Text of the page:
US equity markets dropped on Friday with the S&P and Nasdaq closing 0.8% and 1.9% lower respectively as Omicron jitters hit markets along with softer payrolls data. Most sectors were in the red led by Consumer Discretionary and IT, down over 1.7% each. US 10Y Treasury yields moved 4bp lower to 1.38% after falling over 10bp intra-day on Friday due to the risk-off sentiment and softer NFP data. European markets were lower too with the DAX, CAC and FTSE down 0.6%, 0.4% and 0.1% respectively. Brazil’s Bovespa was up 0.6%. In the Middle East, UAE’s ADX was closed while Saudi TASI was up 2.4% on Sunday. Asian markets have opened mixed – Shanghai and STI were up 0.4% and 0.8% while HSI and Nikkei were down 1.4% and 0.6% respectively. US IG CDS spreads widened 1.1bp and HY CDS spreads widened 7bp. EU Main CDS spreads were 0.6bp wider and Crossover CDS spreads were 2.4bp wider. Asia ex-Japan CDS spreads tightened 1.3bp.
Regarding November economic data, US NFP was softer than expected at 210k vs. forecasts of 550k while the Unemployment Rate came in lower at 4.2% vs. forecasts of 4.5%. Average Hourly Earnings came in softer at 0.3% MoM and 4.8% YoY vs. forecasts of 0.4% and 5% respectively, possibly indicating some slack in the labor market. ISM Non-Manufacturing for November came at a record 69.1 vs. forecasts of 65. Italy was upgraded to BBB by Fitch. Turkey’s inflation soared to 21.31% YoY, to a 3Y high vs. forecasts of 20.7%.
Risk-off is an indication of global market sentiment wherein investors switch out from risky assets (i.e. risk-off) into safer assets on the back of increased uncertainty. This can be due to geopolitical risk, poor economic data or a crisis. The most noteworthy risk-off event this year was in late March 2020, when fears about the coronavirus pandemic pushed financial markets lower across the board. Most typically, during a risk-off environment, US Treasuries and gold tend to perform better as they are considered safe haven assets. On the other hand, risk-on indicates positive investor sentiment wherein investors switch into risky assets (i.e. risk-on) from safer assets on improved prospects of economic growth. This can be due to improved political environment, strong economic data, strong corporate earnings, or a recovery from a crisis.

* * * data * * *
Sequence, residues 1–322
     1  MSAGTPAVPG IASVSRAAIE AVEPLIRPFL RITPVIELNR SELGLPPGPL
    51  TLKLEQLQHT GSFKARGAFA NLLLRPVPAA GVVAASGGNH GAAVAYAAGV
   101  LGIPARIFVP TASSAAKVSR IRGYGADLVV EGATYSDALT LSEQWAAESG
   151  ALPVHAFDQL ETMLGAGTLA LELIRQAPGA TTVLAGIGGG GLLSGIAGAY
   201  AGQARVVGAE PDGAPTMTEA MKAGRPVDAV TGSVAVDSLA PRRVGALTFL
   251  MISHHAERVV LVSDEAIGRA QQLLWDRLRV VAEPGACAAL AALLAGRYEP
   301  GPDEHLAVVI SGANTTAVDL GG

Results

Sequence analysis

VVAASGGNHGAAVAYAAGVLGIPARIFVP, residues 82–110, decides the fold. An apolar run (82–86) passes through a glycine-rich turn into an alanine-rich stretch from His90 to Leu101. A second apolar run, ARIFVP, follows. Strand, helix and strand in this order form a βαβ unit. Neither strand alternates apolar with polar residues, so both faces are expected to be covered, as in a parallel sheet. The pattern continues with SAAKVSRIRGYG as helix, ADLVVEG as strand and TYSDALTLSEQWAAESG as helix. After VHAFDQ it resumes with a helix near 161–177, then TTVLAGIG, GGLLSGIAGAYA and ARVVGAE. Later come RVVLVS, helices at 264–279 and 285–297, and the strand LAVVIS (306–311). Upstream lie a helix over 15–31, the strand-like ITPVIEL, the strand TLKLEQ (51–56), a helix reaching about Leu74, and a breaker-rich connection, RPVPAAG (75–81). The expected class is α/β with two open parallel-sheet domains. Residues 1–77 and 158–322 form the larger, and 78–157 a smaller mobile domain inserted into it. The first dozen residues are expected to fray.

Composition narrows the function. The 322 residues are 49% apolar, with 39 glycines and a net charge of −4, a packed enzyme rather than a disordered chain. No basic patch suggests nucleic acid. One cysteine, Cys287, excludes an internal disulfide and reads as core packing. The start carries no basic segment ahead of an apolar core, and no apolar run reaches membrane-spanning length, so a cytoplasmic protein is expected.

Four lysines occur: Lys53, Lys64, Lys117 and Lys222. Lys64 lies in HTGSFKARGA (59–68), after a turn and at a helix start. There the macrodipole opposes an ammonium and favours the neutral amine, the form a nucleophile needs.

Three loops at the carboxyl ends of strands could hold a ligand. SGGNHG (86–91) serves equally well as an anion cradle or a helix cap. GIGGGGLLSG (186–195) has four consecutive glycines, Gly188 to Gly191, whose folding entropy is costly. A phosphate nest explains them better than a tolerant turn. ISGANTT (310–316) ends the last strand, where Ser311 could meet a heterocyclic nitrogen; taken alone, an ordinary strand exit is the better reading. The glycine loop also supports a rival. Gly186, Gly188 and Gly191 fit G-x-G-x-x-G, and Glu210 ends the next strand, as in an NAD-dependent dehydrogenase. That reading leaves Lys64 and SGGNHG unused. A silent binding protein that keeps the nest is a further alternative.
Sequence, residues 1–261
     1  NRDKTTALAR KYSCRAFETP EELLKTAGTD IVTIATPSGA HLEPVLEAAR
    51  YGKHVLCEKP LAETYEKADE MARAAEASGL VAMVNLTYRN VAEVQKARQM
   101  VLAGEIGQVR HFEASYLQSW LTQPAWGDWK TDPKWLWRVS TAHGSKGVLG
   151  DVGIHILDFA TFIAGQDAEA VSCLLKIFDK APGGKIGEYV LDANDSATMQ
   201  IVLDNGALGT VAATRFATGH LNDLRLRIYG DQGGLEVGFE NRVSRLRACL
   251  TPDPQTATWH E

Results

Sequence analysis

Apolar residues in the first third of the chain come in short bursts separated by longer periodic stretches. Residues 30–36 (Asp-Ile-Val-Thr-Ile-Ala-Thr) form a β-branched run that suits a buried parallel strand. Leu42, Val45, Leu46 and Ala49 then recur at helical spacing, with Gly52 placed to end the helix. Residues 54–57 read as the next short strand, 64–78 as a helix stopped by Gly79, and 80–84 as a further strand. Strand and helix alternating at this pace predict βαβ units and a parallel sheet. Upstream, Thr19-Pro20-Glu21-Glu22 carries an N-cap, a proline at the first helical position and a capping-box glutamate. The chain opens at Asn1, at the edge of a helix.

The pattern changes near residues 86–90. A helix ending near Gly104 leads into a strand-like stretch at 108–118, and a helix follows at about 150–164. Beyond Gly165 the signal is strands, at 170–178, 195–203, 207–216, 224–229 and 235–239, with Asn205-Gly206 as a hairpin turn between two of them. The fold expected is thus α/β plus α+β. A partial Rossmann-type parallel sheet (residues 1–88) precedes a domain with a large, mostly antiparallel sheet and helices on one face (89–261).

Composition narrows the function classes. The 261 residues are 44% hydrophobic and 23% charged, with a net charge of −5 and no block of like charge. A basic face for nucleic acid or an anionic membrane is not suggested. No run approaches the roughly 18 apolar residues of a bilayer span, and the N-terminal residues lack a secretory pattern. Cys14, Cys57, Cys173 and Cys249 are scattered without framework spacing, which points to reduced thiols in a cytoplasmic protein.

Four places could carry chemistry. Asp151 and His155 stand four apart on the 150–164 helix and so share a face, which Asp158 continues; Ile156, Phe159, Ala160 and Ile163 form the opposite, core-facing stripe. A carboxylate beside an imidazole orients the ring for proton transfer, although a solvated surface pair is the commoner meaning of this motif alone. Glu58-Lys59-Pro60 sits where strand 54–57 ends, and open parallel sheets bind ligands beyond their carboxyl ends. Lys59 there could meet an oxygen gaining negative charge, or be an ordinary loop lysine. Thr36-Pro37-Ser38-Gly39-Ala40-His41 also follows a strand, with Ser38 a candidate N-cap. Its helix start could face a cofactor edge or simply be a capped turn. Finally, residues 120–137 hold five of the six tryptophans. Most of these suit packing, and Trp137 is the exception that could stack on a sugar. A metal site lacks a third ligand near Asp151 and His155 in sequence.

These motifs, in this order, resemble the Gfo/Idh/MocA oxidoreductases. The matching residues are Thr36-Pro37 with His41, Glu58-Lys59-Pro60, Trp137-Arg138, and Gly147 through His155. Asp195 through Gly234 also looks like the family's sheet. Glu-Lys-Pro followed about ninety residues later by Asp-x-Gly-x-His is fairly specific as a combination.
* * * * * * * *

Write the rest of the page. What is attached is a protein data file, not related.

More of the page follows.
St. Louis Fed President James Bullard
“The danger now is that we get too much inflation… it’s time for the (Fed) to react at upcoming meetings… The inflation numbers are high enough that I think (ending the taper by March) would really help us to create the optionality to do more if we had to, if inflation doesn’t dissipate as expected in the next couple of months”
“We think the Fed will view the economy as near full employment
Blackrock CIO Rick Rieder
“We think that it is clear that QE has overstayed its welcome… the next few months will be fertile with information on Omicron risks, supply and demand influences, a potentially moderately slowing demand for goods and services”
Jason Pride, CIO for private wealth at Glenmede Investment Management
“Our view is that inflation pressure will ease during the course of next year. In the near term, hotter inflation numbers will put pressure on the Fed to move faster.”
Bob Miller, head of Americas fundamental fixed income at BlackRock
“We have been short breakevens and they look a little more fairly priced. We expect CPI peaks by the end of the first quarter next year, and long-dated breakevens had reflected a view of higher inflation for longer than that.”
“When the conditions of our forward guidance are satisfied, we will not hesitate to act…A hump eventually declines (regarding inflation), and this is what we project for 2022. We believe that we are now at the high level of the hump and that it will start declining”
Wei He, an analyst at Gavekal Dragonomics
“The positive factors such as money that hasn’t been spent this year will be countered by the negative impact from land sales… Therefore I do not expect a significant acceleration in infrastructure spending to materialize next year.”
Sameer Samana, Wells Fargo Investment Institute senior global market strategist
“There is some caution starting to seep in on the part of investors towards credit, given the tight spreads, omicron concerns, and the shift in the Fed’s focus from the labor market to inflation… You should see defensives perk up — it’s no surprise staples and utilities are outperforming.”
Peter Chatwell, head of multi-asset strategy at Mizuho International
“The trade here is to sell LQD and maybe sit on the cash for a while”